Okay Charlie, I get it. You don't like the Liberals. Half the time I don't either. But it doesn't excuse such a gross misrepresentation of what was asked or what was said. If you eliminate the headline and the first sentence, what I read is Spencer Hebert making reasonable and intelligent points and asking a question, with Krueger giving a cogent response. Whether you agree or disagree with the response or the Bible quote, there's no reason to say that the question went unanswered or that he refused to talk about cuts.

      All media is biased to some degree, but this slant, like much of the Straight's coverage of the Liberals, is just way over the line and does no service to readers who want impartial information.

      Colin Miles

      Nov 5, 2009 at 12:13pm

      Those who read Hansard will realize that the Georgia Straight's coverage of this issue is fair and unbiased.


      Nov 5, 2009 at 12:15pm

      OK fine, he wants to quote scripture: Galatians 6:9

      "Let us not become weary in doing good, for at the proper time we will reap a harvest if we do not give up."

      That means even when times are tough, Kev. A province that does not support the arts today will reap a harvest of dimwits tomorrow.

      Reader via e-mail

      Nov 9, 2009 at 11:43am

      Charlie Smith reports [Straight Nov. 5 - 12 / 2009, "Krueger talks about Bible, not cutbacks"] that the current BC provincial budget has a $2.775-billion deficit, and that for every dollar invested in the arts, the government recovers $1.36 in tax revenue.

      A modest proposal: if the government gives arts funding an extra $7.72-billion, it will recover $10.50-billion in revenue for a net gain of $2.78-billion, thus erasing the deficit.

      Why hasn't a visionary government implemented this? Because of limited ability of the arts community to "productively" absorb that much funding (from the point of view of tax revenue generation). Some funding recipients are highly productive, returning many dollars for each dollar of funding. Others "break-even", and still others may offer a small or even negative return (for example, imagine if a large sculpture fell on a child, or a work incorporated asbestos).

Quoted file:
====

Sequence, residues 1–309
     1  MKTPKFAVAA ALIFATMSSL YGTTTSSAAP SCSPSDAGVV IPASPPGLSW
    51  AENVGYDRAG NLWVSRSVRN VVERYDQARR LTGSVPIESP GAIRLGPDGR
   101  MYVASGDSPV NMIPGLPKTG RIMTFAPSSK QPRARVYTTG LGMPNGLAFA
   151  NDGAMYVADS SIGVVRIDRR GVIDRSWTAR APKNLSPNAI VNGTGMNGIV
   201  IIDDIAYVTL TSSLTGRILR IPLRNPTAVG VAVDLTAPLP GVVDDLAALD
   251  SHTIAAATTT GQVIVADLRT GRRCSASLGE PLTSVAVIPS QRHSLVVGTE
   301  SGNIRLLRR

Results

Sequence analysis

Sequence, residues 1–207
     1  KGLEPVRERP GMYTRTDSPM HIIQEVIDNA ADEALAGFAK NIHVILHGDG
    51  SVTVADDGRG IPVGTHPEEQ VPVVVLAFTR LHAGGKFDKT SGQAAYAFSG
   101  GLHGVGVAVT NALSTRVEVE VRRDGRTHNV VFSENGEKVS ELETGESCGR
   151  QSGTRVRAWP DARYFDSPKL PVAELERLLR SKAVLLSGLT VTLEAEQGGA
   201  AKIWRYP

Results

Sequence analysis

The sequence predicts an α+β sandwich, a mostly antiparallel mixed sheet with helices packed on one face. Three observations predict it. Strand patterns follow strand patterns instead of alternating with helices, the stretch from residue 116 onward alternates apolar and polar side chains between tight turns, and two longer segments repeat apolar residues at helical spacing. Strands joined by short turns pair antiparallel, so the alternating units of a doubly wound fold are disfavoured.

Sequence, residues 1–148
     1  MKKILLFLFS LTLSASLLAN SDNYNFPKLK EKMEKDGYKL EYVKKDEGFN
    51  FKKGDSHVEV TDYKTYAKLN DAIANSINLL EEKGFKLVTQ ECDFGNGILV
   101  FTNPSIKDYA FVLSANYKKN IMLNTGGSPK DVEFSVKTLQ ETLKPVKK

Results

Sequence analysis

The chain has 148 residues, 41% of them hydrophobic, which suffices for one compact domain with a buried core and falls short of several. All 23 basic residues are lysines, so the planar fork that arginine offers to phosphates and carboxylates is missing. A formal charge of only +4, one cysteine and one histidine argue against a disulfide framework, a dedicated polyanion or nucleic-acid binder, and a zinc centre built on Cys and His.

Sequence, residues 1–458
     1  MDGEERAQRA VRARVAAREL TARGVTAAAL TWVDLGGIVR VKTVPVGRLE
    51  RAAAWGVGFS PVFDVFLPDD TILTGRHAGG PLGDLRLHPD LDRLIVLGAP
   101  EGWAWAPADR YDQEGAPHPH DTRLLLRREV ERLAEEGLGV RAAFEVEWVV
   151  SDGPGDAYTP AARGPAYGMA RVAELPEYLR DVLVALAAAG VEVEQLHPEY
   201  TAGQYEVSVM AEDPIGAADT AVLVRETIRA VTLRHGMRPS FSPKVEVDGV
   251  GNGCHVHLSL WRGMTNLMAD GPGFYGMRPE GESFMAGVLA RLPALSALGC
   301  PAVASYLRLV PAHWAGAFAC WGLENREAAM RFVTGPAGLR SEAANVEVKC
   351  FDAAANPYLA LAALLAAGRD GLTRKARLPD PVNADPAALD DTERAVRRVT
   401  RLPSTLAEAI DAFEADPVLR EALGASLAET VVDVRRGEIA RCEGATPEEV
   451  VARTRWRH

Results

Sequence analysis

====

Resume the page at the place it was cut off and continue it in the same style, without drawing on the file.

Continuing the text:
Even if the government could somehow predict the "winners" and boost their funding, there's no guarantee they would remain "productive". A painter working a 40 hour week can't scale up to a 400 hour week if her funding is increased by a factor of 10. Or, there may not be another 9 painters of her calibre who could be funded.

      From a fiscal standpoint, the government's challenge is how to determine the capacity of the arts community to "productively" absorb funding, where recipients stay at "break-even" or better. According to the <a href=" Arts Blog (Oct. 3)</a>, the BC government-commissioned study actually reported a return range of $1.05 - $1.36 per dollar of funding in 2006, when economic conditions were better than today. If we assume return is at least somewhat dependent on disposable income, the range is probably lower now. While any number over $1.00 is an indication of underfunding, a number under $1.00 would imply overfunding, which in the current fiscal environment would get branded as a politically unpalatable "bailout".

      The arts community's use of the $1.36 figure is a two-edged sword. It's at the top end of a range that is probably optimistic today. Would the community be willing to accept the consequences of a future update of that government report, that showed a return under $1.00?

      Al Doman / North Vancouver, BC